Thoughts, insights & waffle





The standard of CVs can vary widely among students and there is nothing worse than being handed up a poorly structured CV full of typos and poor formatting – straight away the reader is given the impression of a candidate that is careless and unprofessional. CV preparation, in my opinion, is a topic that should be worked on long before students ever look for jobs. A CV is your personal marketing document and it is the first hurdle you must clear to get to the interview stage.

My section on CVs & cover letters goes into more detail providing a CV checklist, some “golden rules” along with some sample CV templates. However I thought it would be useful to work through a breakdown analysis of a sample CV to identify the key areas that students should focus on when preparing a CV.

I am by no means an expert in the area but to me CVs are somewhat common sense. Put yourself in the shoes of the potential employer, what would they like to see? What would they focus on? How long would they actually have to look at your CV? Using these to guide your CV should result in a pretty decent first cut at a draft document. One important point to note is that CVs are very subjective and one person may love a certain CV structure but the next may not. Notwithstanding this there are some general principles and points that are relevant to any CV.

I will break a typical CV into a number of key sections and will go into a bit of detail as to what are the key things to watch for;


Breakdown Analysis

First glance/contact details

The first impression (as with meeting people) is everything for a CV. It’s crucial the document has a nice clean and structured layout with easy to read names and contact details. Here is a nice blog post from Flowing Data about where CV readers focus their attention.

Education and Qualifications

Keep a clear and concise structure to avoid rambling paragraphs or hard to read layouts.

Make sure your education is in chronological order and be conscious of giving too much detail with regards results (e.g. a breakdown of your Junior Cert results is unlikely to be relevant anymore). However don’t try to be “strategic” by leaving results out either as you will likely be asked in any interview about them if omitted.


Work experience

Keep your structure and layout consistent throughout each section. Do not be afraid to put down all relevant work experience (e.g. if you spent 3 summers working on your home farm). Focus the reader’s attention on the skills learned and responsibilities.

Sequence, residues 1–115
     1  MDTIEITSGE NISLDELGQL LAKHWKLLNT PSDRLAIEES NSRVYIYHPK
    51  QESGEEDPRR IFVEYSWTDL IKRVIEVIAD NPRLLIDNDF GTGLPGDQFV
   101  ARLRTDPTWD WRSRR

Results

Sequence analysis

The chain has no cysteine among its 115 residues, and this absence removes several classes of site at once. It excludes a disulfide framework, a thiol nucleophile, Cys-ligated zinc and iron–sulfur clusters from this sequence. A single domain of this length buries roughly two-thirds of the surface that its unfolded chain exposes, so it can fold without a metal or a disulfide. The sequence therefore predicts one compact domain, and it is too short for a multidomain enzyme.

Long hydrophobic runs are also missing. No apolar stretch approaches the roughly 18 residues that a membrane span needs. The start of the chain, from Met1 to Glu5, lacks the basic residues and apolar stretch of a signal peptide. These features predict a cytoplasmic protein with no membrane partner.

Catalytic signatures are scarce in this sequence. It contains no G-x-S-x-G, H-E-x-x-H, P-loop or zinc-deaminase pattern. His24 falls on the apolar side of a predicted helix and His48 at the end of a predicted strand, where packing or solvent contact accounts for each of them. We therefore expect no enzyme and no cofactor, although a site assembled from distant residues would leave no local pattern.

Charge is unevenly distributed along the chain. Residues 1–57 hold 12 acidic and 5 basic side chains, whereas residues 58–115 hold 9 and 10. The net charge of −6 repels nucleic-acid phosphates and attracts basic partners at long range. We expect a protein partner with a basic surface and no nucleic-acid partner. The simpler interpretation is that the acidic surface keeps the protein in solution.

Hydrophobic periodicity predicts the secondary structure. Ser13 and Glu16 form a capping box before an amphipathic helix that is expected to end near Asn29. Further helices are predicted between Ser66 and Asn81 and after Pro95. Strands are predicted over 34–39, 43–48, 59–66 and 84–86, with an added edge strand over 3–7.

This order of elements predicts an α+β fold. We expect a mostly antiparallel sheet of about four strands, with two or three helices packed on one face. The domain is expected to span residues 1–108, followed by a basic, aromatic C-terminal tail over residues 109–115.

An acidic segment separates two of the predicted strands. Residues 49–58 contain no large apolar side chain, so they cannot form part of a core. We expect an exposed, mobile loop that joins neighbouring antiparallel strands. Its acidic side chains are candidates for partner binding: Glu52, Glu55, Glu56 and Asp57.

Interest/Hobbies & Skills

This section gives you the opportunity to show that you are a rounded person. This about your interests and the transferrable skills/experiences they provide you. This can easily be a single or two separate sections depending on size.



You can either put in your referees and their contact details or alternatively you can in a phrase saying “References available upon request”. It is important to read application guidelines carefully to see if there is an explicit requirement for references to be included. Note if you do decide to put in referees make sure you contact them before.

Many students preparing their CV for the first time will have no experience with the references concept. Typically one academic and one work related reference is required. Many students will approach their course head for a reference and my advice would be to go and have a chat with this person to make yourself known early.




Finally, bringing all the sections together will give you a nicely structured and easy to read document. Have a look on my CVs page for more examples of CVs and cover letters.


CV Fails

Once you have made an initial draft of your CV take the time to have a look through the list below (and some links) to ensure you haven’t fell into the trap of some of the most common CV mistakes. Always get someone else to review your CV (you will be amazed to see the mistakes found even after several reviews) and also to play devil’s advocate asking the hard questions and picking holes in the CV. It is better to do this exercise now than in an interview!

  • Ugly CV and not logical structure/flow
  • Spelling and grammar
  • CV not tailored to the specific role
  • Too much detail/ too high level
  • Too long (typically max 2 pages)
  • Incorrect personal details
  • Unexplained gaps in timelines


That was just one example of a CV and how to structure/lay it out. There are an endless amount of CV templates/structures available and it is up to you to decide on which one you think is most suitable.

My advice would be to review the sample CVs I have on my CV section and also trawl the internet to get some more ideas. Once you have some layouts you like try to complete a first draft using the breakdown analysis provided above. Then pay a visit to your college’s career service centre (a valuable resource for students) who will help you review your CV and identify areas for improvement. Having an initial draft CV prepared before you meet with career services will allow you to get a lot more value from your meetings.


As you are preparing your CV feel free to ask any questions you have via, @accmilkman or the feedback function.


Take a look at my CV section for more information

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